Are you on mushrooms right now? If not, you should be. It’s not what you think. Yes, some people use them to enhance chicken marsala, and some use them to pursue psychedelic enlightenment, but if that’s all you see in a mushroom then you’re selling it short. People creatively consume fungi to sleep better, feel stronger and live longer. Well, we have one question: Are mushrooms really magic?
Wellness trends come and go, and medicinal mushrooms might seem like the newest self-care method right now, but their benefits have been known for quite some time. For centuries, mushrooms have been used to produce health benefits of immunity, energy and longevity — even cancer-fighting properties. You’ll see a lot of ‘shroom-usage in traditional Chinese medicine to fight viral, bacterial and fungal infections. And they provide important vitamins and antioxidants, as well.
So why do they seem to being gaining popularity now? Starla Sholl, a therapist in Chicago who swears by medicinal mushrooms and even leads workshops to educate the public about them, says it all has to do with science. Bottom line, Western cultures wanted clinical proof.
“In the last 20 years or so, the science has developed to actually demonstrate how and why mushrooms help us,” Sholl says. “Asian cultures have known the power of mushrooms for a long time, and now research is validating their use. Hundreds of studies are currently being done one everything from diabetes to cancer.”
Don’t be fooled by the term “medicinal mushrooms.” They don’t need to be prescribed by a doctor. You might even be familiar with some of the most common consumed like shiitake and chaga. Others sound straight out of a fairy-tale, such as lion’s mane and turkey tail.
You don’t need to get your feet wet foraging in the forest to hop on this health trend. Companies like Four Sigmatic hope to inject medicinal mushrooms into the mainstream with products like mushroom coffee and hot chocolate. Via their website, you can order coffees, elixirs, cocoas, teas and more by the box. In hopes of further educating the public, the Finnish company even launched The Mushroom Academy, a free online video education course on mushrooms.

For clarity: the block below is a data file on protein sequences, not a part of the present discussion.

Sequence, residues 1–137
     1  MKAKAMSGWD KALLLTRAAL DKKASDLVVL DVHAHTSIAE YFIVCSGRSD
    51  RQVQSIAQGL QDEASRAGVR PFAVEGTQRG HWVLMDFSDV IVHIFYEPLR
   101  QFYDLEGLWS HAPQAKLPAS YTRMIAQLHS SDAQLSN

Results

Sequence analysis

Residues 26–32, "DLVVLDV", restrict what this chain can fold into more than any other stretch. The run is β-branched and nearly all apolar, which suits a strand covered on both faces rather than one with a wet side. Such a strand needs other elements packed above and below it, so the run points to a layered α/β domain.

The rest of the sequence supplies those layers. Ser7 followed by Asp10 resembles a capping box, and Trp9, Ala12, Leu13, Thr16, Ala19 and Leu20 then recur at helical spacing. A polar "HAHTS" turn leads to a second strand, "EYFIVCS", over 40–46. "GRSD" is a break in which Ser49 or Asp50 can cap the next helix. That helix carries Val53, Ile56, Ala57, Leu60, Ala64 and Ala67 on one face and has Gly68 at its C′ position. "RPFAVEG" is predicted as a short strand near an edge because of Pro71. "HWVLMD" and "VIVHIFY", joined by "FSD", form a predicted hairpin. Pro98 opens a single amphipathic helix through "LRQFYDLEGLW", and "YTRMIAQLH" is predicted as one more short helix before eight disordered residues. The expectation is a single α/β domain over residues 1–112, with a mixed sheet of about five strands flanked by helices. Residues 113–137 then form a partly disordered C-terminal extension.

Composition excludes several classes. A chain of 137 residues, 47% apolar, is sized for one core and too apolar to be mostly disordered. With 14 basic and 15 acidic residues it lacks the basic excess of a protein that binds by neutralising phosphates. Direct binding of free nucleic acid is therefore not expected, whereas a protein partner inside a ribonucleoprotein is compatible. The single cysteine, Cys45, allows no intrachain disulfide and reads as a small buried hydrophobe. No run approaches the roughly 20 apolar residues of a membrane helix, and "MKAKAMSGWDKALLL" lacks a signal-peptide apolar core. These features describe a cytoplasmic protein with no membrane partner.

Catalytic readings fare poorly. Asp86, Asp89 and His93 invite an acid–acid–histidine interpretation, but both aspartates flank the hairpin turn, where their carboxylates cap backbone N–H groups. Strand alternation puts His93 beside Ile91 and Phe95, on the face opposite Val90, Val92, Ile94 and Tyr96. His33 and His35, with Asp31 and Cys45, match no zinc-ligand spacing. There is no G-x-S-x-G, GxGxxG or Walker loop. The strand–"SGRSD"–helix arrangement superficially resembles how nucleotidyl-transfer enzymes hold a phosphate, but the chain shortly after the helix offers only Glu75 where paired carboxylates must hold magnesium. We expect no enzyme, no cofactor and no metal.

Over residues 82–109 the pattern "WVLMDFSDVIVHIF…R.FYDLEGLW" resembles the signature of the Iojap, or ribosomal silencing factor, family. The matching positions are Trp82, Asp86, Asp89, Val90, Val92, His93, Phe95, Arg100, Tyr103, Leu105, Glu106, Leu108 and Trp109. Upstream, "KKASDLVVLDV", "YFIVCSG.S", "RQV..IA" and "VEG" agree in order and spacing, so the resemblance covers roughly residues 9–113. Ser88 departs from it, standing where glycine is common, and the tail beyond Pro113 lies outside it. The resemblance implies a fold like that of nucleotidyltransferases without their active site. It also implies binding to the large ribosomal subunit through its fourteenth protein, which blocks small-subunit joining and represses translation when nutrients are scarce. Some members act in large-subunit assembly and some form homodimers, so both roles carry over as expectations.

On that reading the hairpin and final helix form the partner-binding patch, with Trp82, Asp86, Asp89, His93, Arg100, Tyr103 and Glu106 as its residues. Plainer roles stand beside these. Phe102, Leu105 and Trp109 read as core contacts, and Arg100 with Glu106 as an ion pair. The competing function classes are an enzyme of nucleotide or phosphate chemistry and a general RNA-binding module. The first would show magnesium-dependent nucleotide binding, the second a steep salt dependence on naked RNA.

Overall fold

Another ‘shroom boomer is California-based smoothie and tonic shop Lifehouse Tonics, which incorporates mushrooms into its offerings like the “fungi palmer,” an elixir of cold-pressed juice and four types of mushrooms. Don’t be surprised if you start to notice more mushrooms on a menu near you.
Whether you consume them via tea, coffee or capsule, mushroom blends can be eaten according to the season or health issue. Sholl takes kidney-related mushrooms in winter because the kidney is weakest during that time. She also shares a story about a woman who rid herself of allergies thanks to incorporating lung-related mushrooms into her diet. You just have to do your research. Most importantly, Sholl recommends 60-90 days of mushroom consumption to see real results.
“Some people believe these mushrooms are like Western medicine so they try them for a week or two,” Sholl says. “We’ve become so used to seeing products cure the symptom as opposed to what’s underneath. Medicinal mushrooms can help to heal the underlying cause.”
Just like anything else we consume, it’s good to be concerned about the origins of the mushrooms you’re about to eat. Are they truly organic? Are they harvested sustainably? Is the whole mushroom being used, or just the root? Before you buy a year’s supply of mushroom matcha mix, make sure the fungi fruiting bodies are dual extracted, which means you’ll get both the water- and fat-soluble compounds of that mushroom — aka all the good, immunity-boosting stuff.
Plain or powdered, mushrooms provide undeniable health benefits. So, whether you want to better your mood, boost your energy, strengthen your immune system or just get a better night’s sleep, there’s a ‘shroom for you.